Once the prism Central VM has been deployed (you can click on the task icon on the top of the main menu to check the status), go to the https://prismcentral_ip:9440). Login with admin Nutanix/4u (note the capital N).
The next screen will prompt you to change the password.
Now we need to add Prism Central to Prism Element. Go back to https://cvm_ip:9440) and click on the Prism Central widget.
This time click on the Connect button.
Type in the Prism Central IP, admin user and the password you just reset for Prism Central. Then click Connect.
Once this is complete you will see an OK on the Prism Central widget
We are almost done, Login to Prism Central and enter your NEXT login information.
Congratulations, you have deployed Prism Central. Now you can deploy a second cluster using the same procedures so you will be ready to set up Leap (disaster recovery) on my next Nutanix blog.
I was looking for an easy way to set up a Nutanix lab environment so I could try out some configurations without affecting my production environments. If you haven’t had the chance to try out the Nutanix Community Edition, it is now even easier to install. Previous versions were distributed as a disk image and now it is a bootable iso.
I’m going to walk through the high-level steps to get Nutanix CE up and running in a nested environment on VMware ESXi 7.0. I will be creating a single node cluster, so we will need the following prerequisites
- 2 available static IPs
- The port group needs to have promiscuous mode, MAC address changes, forged transmits enabled
Download the ISO from:
*If you do not have a Nutanix account, you will need to create one
Create a VM on ESXi with the following configuration (see screenshots below for more detail). These settings worked for me, but feel free to experiment.
- 4 vCPU (6 vCPU if you are going to deploy Prism Central in the future)
- CPU Hardware virtualization enabled
- 64 GB
- 32 GB SATA hard disk
- 250 GB SATA hard disk
- 750 GB SATA hard disk
We are almost there. Select AHV as the hypervisor. We will be using sda as the boot, sdb as CMV, and sdc as data.
Remember the 2 static IPs that we needed? Enter them in and be sure to remember which one you used for the CVM
Check the “create single-node cluster” box and enter a valid DNS server IP.
Scroll down to the bottom of the license agreement and accept it.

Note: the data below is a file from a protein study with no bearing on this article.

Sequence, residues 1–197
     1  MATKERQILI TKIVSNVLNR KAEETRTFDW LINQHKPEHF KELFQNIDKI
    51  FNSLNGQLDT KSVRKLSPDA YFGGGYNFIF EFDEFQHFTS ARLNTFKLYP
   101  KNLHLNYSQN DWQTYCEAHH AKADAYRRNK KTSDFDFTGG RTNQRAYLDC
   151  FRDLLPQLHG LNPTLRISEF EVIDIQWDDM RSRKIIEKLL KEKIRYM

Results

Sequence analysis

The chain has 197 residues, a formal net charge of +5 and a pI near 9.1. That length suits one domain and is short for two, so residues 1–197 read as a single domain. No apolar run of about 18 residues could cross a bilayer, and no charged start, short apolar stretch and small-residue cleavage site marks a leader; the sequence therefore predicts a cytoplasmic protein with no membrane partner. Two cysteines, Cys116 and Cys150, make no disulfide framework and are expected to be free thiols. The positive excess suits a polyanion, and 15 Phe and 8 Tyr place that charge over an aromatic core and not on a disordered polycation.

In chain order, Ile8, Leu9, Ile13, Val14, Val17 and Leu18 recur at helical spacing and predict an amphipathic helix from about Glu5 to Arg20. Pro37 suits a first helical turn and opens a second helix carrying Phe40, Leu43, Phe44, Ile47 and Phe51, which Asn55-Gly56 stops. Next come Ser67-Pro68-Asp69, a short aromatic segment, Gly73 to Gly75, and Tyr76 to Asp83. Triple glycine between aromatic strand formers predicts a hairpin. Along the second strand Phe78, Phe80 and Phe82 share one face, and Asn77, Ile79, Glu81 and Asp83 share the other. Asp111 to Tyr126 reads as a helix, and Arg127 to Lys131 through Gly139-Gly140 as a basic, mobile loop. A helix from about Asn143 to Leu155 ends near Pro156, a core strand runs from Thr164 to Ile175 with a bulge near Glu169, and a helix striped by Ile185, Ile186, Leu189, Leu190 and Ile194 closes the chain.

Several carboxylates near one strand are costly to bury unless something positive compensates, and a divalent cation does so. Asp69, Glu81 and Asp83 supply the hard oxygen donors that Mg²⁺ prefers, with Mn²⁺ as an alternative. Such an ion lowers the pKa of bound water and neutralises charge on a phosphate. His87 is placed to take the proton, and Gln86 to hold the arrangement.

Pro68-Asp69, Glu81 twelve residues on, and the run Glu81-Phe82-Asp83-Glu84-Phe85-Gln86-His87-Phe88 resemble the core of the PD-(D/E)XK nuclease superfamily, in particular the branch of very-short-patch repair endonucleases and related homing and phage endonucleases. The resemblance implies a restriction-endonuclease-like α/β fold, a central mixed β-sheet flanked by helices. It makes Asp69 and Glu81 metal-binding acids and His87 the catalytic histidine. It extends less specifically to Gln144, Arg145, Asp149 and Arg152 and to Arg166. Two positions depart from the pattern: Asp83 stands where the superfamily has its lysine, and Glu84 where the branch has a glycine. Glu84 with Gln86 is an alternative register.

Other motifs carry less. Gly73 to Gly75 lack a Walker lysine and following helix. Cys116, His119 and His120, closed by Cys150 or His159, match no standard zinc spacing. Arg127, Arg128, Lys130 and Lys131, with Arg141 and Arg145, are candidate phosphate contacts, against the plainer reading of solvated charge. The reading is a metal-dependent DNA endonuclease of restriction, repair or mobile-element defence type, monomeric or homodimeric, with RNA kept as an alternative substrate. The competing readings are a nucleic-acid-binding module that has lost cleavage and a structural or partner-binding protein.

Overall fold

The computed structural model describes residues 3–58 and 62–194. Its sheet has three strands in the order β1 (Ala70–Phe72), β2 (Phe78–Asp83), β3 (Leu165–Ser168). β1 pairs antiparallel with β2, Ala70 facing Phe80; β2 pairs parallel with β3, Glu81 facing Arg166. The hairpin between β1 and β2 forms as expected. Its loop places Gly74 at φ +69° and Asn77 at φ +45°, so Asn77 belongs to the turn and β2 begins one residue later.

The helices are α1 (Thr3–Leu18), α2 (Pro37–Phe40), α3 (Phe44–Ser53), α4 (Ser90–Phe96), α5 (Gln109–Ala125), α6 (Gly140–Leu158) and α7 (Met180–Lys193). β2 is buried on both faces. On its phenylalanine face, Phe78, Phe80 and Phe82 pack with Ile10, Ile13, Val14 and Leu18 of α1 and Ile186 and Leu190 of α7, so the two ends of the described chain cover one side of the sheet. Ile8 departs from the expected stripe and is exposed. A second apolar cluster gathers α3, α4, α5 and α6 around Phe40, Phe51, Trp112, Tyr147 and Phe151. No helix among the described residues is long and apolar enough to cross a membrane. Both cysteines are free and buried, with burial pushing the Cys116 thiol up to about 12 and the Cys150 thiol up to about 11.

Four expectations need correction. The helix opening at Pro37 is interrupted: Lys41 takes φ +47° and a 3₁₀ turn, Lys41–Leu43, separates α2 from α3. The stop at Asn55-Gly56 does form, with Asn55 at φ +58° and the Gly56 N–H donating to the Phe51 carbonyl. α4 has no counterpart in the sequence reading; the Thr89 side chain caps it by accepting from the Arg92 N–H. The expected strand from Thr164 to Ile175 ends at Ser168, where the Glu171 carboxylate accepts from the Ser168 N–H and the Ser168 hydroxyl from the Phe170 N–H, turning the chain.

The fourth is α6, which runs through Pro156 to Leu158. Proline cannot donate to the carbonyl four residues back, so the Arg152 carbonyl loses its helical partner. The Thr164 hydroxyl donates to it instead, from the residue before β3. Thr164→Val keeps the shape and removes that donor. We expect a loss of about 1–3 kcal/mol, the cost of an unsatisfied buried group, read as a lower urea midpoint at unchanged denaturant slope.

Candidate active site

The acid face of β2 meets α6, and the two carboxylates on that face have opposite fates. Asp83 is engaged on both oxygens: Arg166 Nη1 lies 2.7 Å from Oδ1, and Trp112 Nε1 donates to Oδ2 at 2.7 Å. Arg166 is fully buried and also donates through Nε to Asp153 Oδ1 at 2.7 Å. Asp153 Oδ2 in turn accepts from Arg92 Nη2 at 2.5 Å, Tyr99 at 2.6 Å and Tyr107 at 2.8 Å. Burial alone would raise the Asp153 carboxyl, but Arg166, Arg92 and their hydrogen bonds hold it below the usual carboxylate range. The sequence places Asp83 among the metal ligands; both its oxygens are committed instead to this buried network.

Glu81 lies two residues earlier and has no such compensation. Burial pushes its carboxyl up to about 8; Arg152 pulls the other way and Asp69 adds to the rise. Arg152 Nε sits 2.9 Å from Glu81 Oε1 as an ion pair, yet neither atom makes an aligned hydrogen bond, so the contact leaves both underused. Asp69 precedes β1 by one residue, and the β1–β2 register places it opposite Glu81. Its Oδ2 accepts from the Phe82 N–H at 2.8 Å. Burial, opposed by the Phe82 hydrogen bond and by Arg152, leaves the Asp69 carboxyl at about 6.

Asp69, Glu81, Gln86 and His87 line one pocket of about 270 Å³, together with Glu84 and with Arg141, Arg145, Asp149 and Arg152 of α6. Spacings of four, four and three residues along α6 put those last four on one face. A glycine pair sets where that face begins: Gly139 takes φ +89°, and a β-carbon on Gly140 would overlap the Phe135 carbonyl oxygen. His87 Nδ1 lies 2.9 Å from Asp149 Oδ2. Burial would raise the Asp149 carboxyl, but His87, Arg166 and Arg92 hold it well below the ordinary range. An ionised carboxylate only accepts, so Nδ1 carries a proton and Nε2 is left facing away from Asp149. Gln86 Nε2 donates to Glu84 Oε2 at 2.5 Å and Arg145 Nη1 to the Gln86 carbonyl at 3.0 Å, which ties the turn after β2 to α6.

Select start and go get lunch.
Once the install is complete enter ‘y’.
Go get some coffee. It takes a while for the CVM to start up since we aren’t giving it a ton of memory.
Go to the IP address you configured for the CVM on port 9440 (ie https://cvm_ip:9440)
Congratulations for making it this far. You are so close to getting to witness the awesomeness of Nutanix.
My next blog posts will outline the post install configuration, creating a VM, and finally installing Prism Central
When I heard at VMworld 2020 there was a fling for ESXi on ARM I was very excited. I have several Raspberry Pis deployed for various functions around the house so I thought this would be the perfect excuse to buy a shiny new 8GB Raspberry Pi4.
The documentation flings.vmware.com/esxi-arm-edition was great, however, I ran into two issues….
The Raspberry Pi 4 does not play nicely with all HDMI monitors
I couldn’t see any video while the Pi was booting up. I tried two different monitors and that didn’t help. The fix was adding the following line to the config.txt file on the root of the SD card
Don’t be tempted to use a cheap USB drive for the ESXi install media
The install media is less than 1GB, so I thought I would use one of the many small USB drives that vendors hand out like candy. This led to getting I/O errors and the install failing. I tried another no-name brand USB drive and the same thing happened. I finally tried a Kingston USB drive and the install completed.
Welcome to my first real blog post.
This is a simple Ansible playbook to update iLO firmware on HPE servers. The only prerequisite is that you need a webserver to server up the firmware file. As an Ansible rookie, it took me a while to figure out I needed to use raw commands since iLO doesn’t have a traditional shell.
If you are looking for a good place to start with Ansible, check out Jeff Geerling’s YouTube channel
and here is the playbook….
--- - hosts: hp_hosts gather_facts: no tasks: - name: CHANGE DIR raw: 'cd /map1/firmware1' - name: UPDATE FIRMWARE raw: 'load -source http://webserver/ilo.bin'
Welcome to my blog where I will share my experiences with virtualization, datacenter intrastructure and the cloud